The LeanDNA-List celebrates the hard work of our customers, who day-in and day-out work to optimize inventory, reduce shortages, and empower their companies to operate more efficiently. These winners represent the tenacious, knowledgeable, and hands-on users and champions of LeanDNA.
Continue Reading “Integra’s Doug Dollberg, Leader of Growth”
We love space around here. Maybe it’s our collective backgrounds in aerospace, or maybe it’s just our (some may say nerdy) interest in the worlds beyond our own. Whatever it may be, as we fly towards the 50th anniversary of Neil Armstrong’s legendary first steps on the moon, we’re reflecting: On both the impact that moment had in America, and the way it changed innovation in our world.
Collaborative Analytics for Morgan Advanced Materials
Supply chain management is becoming increasingly complex. Today’s manufacturing is more global and requires synchronization of material deliveries from suppliers throughout the world. There is increasing pressure to analyze complex data to prioritize and manage daily tasks, pressures from clients to quickly meet their changing demands, and pressures to deliver on time regardless of the product complexity and routine demand changes. In a time like this, agility and collaborative analytics are vital. Suppliers must utilize timely information shared across all people in the operation. The result of doing so? Clearly aligned critical decision making that keeps up with client expectations.
As the supply chain leader of a large multisite organization, how do you organize and drive an effective, sustainable process to attack the biggest inventory management problems on a daily basis across complex teams with multiple ERP systems? Have you ever been in a meeting where inventory optimization was brought up as a top priority by leadership without clear direction on how exactly to attack the issue?
The manufacturing and distribution environments are becoming more complex every day. Where 20 years ago it was enough for an aerospace manufacturer to build aircraft that flew efficiently, the same factory is now being asked to accommodate different seat arrangements; a wide variety of cabin interior options; and myriad different colors, media devices, and other fine details. “The number of options has proliferated and added a lot of complexity to the supply chain,” says Richard Lebovitz, LeanDNA’s CEO, “across nearly all manufacturing verticals.”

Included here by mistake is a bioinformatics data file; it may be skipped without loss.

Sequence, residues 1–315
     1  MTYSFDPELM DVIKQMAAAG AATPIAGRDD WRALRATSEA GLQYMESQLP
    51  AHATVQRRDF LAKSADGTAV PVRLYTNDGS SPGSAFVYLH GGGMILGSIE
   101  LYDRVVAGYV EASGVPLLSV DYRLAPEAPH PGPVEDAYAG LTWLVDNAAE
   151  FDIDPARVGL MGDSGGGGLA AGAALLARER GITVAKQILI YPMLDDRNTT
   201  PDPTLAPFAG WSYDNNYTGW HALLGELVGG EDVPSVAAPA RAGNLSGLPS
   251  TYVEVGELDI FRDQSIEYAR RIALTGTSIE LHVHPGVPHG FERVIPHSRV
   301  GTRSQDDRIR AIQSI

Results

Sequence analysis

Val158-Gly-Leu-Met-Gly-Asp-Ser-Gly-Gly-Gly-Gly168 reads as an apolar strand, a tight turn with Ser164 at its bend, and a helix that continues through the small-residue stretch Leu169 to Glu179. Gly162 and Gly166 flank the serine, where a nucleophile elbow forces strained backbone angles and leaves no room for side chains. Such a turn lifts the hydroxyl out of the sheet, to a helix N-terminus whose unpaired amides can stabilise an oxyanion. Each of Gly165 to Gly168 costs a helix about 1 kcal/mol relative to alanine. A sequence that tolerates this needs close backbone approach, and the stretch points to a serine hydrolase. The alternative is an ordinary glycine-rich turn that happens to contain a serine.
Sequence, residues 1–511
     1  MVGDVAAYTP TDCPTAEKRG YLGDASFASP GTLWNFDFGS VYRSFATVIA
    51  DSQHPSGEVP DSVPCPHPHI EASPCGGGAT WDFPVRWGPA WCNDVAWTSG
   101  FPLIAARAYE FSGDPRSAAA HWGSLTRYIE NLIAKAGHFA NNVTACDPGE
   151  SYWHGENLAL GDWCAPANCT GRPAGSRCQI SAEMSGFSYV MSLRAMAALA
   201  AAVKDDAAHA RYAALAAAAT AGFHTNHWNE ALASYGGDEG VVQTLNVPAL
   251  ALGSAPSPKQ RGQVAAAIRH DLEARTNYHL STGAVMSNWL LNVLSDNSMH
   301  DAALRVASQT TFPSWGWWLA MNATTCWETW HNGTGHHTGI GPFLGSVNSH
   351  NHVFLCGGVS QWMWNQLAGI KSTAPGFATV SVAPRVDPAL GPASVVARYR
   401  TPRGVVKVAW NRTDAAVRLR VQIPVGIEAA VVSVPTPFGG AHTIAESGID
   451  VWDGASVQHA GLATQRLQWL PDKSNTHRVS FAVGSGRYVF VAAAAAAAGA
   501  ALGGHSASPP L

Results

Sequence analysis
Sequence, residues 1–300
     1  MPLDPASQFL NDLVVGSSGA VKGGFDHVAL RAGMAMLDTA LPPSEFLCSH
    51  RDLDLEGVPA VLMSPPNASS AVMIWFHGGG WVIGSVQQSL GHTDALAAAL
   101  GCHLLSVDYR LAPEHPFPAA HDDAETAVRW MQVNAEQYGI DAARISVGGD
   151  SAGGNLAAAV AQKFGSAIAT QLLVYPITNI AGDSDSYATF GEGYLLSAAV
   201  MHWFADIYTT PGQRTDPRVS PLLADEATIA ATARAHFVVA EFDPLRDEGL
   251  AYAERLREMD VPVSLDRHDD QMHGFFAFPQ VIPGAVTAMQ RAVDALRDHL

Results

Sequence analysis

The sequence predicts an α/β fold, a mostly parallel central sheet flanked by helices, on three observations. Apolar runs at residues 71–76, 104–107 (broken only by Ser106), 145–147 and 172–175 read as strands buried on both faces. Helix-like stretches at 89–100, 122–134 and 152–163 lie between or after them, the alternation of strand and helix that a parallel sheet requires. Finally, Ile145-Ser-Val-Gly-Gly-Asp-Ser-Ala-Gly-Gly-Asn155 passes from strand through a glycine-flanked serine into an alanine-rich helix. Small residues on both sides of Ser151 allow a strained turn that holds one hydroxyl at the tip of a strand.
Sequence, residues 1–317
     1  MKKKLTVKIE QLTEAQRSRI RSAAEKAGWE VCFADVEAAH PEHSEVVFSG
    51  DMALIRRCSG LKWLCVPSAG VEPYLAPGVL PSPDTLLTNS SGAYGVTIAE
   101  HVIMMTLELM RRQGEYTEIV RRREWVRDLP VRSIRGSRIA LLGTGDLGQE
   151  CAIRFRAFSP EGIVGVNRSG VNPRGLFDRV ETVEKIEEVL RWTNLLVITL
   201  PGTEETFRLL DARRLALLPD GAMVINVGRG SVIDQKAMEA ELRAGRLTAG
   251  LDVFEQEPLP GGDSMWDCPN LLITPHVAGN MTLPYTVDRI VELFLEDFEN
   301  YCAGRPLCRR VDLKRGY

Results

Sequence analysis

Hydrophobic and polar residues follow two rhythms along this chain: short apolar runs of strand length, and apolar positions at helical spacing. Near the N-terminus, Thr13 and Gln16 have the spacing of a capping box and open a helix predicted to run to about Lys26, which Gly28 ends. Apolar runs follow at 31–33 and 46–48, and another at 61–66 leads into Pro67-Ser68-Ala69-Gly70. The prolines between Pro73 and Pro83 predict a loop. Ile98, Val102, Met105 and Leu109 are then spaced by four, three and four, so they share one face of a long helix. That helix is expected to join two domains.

In a recent Supply Chain Management Review study exploring the information and analytics needs of supply chain professionals, it was immediately clear that a new horizon is in view for supply chain professionals around the world. Leaders see the need for better tools—tools that do more than just provide data about where they’ve been. One of the most compelling research findings addresses the obstacles leaders face when implementing new supply chain analytics tools into their systems. Here’s a look at the breakdown of responses.
In a new special edition white paper, the Supply Chain Management Review shows how LeanDNA drives supply chain efficiency by moving manufacturing teams from slow, manual spreadsheet analytics processes into a high-speed, cloud-based platform that is purpose-built to tie together shortage reduction, supplier management, lean principles, and more.
In a new special edition white paper, Zodiac Aerospace reveals how they used LeanDNA’s collaborative analytics platform to get rid of slow, manual spreadsheet processes and save millions of dollars through better-informed decisions and automated prescriptive analytics.
It has taken decades for supply chains to adopt analytics at a large scale. For many years, supply chain leaders relied on instinct and experience to make critical inventory decisions. But over the years, as capabilities have grown more powerful and impactful, leaders have seen how much business value can be delivered by implementing advanced analytics.
This infographic traces the evolution of supply chain analytics—from the 1950s when the first large-scale business analytics program was initiated in the U.S., through the present day and into the future as business leaders seek to bring their data and people together in a collaborative analytics platform.
Cut Through the Data Craze With Collaborative Analytics
When business analytics first became available to US companies in the 1950s, capabilities were limited and technology was often prohibitively expensive. It was decades before most companies made analytics a standard practice in their organizations. Business leaders continued to rely on their experience and intuition to make critical decisions. But as analytics technology evolved, insights became more valuable and leaders took notice. By the 1980s, most large companies were employing some form of analytics for decision support.
Fast forward 30 years and companies like General Electric are making multi-billion dollar investments in their analytics infrastructures. It’s more than just Big Data; leaders know that their data is only as valuable as the insights it provides. As analytics have evolved and improved, decision-makers are demanding more from their analytics than ever.